Rally is here, so down to business
REPCO Rally Australia has been given the green light and the race is now on to ensure the Tweed is ready to host what will be one of the biggest events to hit the region.
Thousands of people will descend on the area to watch some of the world's best drivers showcase their skills on our roads from September 3 to 6.
The passage of the Motor Sports Bill 2009 through parliament on Tuesday night means the controversial event will go ahead.
While the rally's supporters, like Tweed Tourism's Phil Villiers and Murwillumbah Chamber of Commerce president Toni Zuschke encourage businesses to prepare for the event, which is expected to bring $31 million to the local economy, the No Rally Group says those claims of economic benefits from the event need to be held to account.
“As the chamber, we are basically saying the opportunity is there now to grasp and businesses would be wise to get ready for it and make sure all aspects of their business are prepared,” Ms Zuschke
“From the chamber's point of view, there are a lot of things that need to be put in place so we can present a face for the event.
“It is a matter of giving the correct impression to each visitor so they feel they are visiting something special. It is important we as a local area welcome the visitors with open arms so we influence them to come back in the future.”
She said the Murwillumbah business community was enthusiastic about the event and had shown their support through the ongoing turmoil and controversy.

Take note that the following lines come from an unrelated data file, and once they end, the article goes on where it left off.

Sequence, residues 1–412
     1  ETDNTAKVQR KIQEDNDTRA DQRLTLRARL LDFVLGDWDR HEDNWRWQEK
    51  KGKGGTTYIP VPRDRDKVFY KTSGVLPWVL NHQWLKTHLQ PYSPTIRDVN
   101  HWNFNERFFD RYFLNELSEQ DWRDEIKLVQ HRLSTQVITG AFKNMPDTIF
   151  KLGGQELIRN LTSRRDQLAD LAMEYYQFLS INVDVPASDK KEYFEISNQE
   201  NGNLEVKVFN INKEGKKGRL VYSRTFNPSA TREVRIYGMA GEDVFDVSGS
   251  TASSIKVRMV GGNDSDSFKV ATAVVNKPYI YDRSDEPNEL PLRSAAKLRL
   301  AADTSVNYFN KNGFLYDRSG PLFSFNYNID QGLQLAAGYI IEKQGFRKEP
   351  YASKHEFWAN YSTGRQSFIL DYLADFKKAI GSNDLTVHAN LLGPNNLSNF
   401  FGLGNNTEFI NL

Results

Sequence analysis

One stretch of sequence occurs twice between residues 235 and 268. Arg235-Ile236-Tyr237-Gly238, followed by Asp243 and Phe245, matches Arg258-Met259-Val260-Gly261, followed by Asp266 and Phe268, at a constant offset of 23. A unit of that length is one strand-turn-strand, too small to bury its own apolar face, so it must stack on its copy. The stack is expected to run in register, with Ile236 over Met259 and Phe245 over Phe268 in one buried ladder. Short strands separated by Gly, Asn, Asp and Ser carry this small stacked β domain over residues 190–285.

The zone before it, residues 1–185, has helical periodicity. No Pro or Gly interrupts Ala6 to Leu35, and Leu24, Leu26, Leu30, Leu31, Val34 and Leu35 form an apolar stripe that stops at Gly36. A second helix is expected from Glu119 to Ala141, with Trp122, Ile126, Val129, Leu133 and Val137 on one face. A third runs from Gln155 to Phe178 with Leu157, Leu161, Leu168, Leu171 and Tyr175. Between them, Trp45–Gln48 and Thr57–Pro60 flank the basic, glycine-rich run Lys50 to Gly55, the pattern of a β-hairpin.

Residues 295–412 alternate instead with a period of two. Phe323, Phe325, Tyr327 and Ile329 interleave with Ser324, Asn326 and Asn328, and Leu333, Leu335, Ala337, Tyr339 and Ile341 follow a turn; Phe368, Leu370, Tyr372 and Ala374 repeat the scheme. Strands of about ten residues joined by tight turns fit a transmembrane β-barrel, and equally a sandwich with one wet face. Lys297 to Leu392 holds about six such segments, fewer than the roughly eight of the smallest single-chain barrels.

While people weren't sure what to expect, she said Speed on Tweed had given the area the practice it needed to host the rally.
“We have had a bit of practice, so we know what to expect, we know the benefit and we are excited about it.”
Mr Villiers said 250 television networks from across the world would broadcast the rally, with 180 media expected on the ground in the Tweed.
The rally presented wonderful potential to market the region, he said.
“It will be broadcast into domestic and international markets, you just can't put a price on the benefits the promotion will have for the area,” Mr Villiers said.
He said accommodation bookings had already started to kick in, even though Tourism New South Wales' domestic advertising campaign had not started.
Both hoped first time visitors for the rally would discover the Tweed as a destination for a good domestic holiday, or even a good place to invest money.
Meanwhile, rally protestors are considering their next move and will meet at Uki Hall at 2.30pm on Saturday to hear a briefing on the Motor Sports Bill by the Environmental Protection Office.
No Rally Group President Michael McNamara said the passage of the bill showed the government had been prepared to ride roughshod over the democratic rights and legal entitlements of local communities to force the event on Northern New South Wales.
“Rally organisers and their supporters will be crowing about this decision, but they should not get too cocky,” he said.
“As the old saying goes, 'the proof is in the pudding', and this pudding is far from cooked.
“Rally organisers have promised a jobs bonanza and a profits feast. They must be held to account.”